Interstate medical licensure reciprocity is not a new concept (Hashed worked with the State of Illinois on a solution for this problem in 2017). For years, there have been compacts that, in theory, streamline licensure across state lines. However, these efforts have not achieved widespread adoption. The HHS announcement will immediately catalyze telemedicine services across the country and allow clinicians to provide remote services wherever needed.
Previously, the requirements for practitioners to be licensed in the state where services are provided created a self-imposed barrier to telemedicine. These licensing restrictions limited the ability to target specific communities due to the cost and time required for burdensome licensure activities. Now the costs previously associated with obtaining and renewing those licenses can be reinvested to both enhance those firm’s overall offerings and greatly reduce the friction involved in scaling their businesses.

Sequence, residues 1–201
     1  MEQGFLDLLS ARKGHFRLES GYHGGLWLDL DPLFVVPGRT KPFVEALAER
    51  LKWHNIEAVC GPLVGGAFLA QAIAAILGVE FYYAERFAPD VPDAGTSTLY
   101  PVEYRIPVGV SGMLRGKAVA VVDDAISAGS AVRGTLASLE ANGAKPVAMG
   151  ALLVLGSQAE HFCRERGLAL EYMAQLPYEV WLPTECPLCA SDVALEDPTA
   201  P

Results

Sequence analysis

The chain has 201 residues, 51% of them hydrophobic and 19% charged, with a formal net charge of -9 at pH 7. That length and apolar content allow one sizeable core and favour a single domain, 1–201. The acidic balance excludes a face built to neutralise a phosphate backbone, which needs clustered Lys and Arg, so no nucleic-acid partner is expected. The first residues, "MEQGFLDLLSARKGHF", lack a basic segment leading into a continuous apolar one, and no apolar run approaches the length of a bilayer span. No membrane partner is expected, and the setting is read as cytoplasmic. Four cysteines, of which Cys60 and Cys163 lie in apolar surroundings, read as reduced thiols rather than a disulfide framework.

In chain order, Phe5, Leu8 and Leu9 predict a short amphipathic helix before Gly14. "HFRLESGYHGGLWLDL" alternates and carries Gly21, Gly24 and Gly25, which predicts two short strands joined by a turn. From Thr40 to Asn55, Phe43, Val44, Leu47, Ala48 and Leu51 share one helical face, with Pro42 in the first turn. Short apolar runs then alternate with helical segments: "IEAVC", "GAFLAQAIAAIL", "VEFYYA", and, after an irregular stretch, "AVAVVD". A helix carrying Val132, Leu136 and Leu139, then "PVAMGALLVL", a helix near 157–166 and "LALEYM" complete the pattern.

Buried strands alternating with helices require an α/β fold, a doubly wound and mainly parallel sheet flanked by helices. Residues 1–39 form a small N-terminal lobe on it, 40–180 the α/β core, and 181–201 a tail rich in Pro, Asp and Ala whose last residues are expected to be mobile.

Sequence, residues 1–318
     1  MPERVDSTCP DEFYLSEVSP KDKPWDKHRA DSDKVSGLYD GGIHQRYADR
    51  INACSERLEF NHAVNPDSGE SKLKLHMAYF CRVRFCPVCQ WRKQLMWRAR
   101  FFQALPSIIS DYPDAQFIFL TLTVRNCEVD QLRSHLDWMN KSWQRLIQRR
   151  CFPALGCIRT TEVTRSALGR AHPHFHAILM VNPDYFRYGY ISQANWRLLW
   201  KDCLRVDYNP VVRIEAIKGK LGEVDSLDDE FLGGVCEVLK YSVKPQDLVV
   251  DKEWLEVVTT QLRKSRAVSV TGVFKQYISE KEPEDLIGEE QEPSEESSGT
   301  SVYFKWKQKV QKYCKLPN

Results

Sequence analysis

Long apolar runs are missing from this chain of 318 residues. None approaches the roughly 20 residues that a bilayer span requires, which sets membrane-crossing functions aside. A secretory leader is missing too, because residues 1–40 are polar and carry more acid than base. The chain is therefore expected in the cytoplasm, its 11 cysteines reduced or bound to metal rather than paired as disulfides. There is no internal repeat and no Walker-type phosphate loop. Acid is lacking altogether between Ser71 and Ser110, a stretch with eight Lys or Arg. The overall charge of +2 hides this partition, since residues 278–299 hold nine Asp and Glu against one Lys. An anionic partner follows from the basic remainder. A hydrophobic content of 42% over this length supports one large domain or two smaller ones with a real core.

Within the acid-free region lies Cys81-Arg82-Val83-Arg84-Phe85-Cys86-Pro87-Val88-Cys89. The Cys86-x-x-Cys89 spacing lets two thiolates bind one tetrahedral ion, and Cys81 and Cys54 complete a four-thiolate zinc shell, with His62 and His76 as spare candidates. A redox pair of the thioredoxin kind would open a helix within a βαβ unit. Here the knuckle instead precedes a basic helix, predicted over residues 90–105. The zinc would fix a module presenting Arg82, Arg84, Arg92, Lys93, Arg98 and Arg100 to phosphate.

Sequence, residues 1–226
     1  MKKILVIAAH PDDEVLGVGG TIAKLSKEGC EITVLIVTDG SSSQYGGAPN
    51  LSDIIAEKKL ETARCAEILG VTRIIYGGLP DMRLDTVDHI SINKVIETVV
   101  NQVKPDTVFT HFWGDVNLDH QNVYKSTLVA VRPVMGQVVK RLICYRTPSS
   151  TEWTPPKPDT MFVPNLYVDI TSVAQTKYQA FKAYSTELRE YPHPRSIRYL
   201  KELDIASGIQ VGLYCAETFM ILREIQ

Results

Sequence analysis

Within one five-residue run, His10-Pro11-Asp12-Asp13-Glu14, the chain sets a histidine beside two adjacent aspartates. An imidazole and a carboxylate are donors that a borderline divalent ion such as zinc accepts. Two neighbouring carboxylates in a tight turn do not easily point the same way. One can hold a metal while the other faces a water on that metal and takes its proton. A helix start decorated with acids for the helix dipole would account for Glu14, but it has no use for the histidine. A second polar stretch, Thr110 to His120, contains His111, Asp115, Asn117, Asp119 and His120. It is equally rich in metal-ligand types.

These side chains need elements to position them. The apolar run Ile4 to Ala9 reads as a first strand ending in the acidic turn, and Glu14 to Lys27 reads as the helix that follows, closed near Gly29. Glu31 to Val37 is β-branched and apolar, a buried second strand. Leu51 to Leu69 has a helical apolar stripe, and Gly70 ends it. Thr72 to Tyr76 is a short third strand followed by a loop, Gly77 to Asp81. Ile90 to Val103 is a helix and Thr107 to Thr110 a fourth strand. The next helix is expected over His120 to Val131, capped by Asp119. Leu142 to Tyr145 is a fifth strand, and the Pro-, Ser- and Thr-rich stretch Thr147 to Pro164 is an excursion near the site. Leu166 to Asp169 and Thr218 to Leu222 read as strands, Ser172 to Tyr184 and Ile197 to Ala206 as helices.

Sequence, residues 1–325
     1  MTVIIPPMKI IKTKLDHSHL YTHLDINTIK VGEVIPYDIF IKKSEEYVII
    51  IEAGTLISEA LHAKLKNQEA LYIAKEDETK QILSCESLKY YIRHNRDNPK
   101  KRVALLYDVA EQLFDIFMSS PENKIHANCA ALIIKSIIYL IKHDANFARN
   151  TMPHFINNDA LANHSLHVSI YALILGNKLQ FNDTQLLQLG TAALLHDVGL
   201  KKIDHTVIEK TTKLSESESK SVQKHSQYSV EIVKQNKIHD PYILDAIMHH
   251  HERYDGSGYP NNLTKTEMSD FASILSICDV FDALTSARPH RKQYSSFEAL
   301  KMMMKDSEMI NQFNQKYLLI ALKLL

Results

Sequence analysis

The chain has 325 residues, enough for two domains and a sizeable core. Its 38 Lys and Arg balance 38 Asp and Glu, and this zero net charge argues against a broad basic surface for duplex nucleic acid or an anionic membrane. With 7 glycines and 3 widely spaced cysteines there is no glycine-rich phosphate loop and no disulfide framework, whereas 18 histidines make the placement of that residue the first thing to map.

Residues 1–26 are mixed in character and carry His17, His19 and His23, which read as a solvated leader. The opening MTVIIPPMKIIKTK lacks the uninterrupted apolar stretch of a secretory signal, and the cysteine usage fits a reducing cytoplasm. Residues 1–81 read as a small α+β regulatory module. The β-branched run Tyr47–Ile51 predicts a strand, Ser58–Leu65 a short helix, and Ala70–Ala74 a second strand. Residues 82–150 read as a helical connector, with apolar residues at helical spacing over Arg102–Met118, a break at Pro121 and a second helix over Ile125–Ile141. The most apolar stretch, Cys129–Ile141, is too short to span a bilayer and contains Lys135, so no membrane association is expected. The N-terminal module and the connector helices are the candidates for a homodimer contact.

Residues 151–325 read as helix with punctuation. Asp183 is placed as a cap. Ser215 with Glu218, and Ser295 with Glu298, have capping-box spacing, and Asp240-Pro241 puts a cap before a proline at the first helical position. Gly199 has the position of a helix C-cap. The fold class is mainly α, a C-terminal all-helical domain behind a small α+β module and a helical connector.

The COVID-19 crisis is creating pockets of demand for clinicians in specific geographies where the disease is prevalent. These changes in regulatory policy now allow telemedicine firms to address that demand directly. We are also seeing demand for retired physicians to renew their license and assist in providing basic general practitioner activities to support demand for care. Both the relaxation of licensing restrictions and the expansion of reimbursement rules to align more closely with in-person care, creates the incentives needed to grow these services accordingly. The crisis may finally be the catalyst needed for adoption, unleashing telemedicine business models that have until now been limited.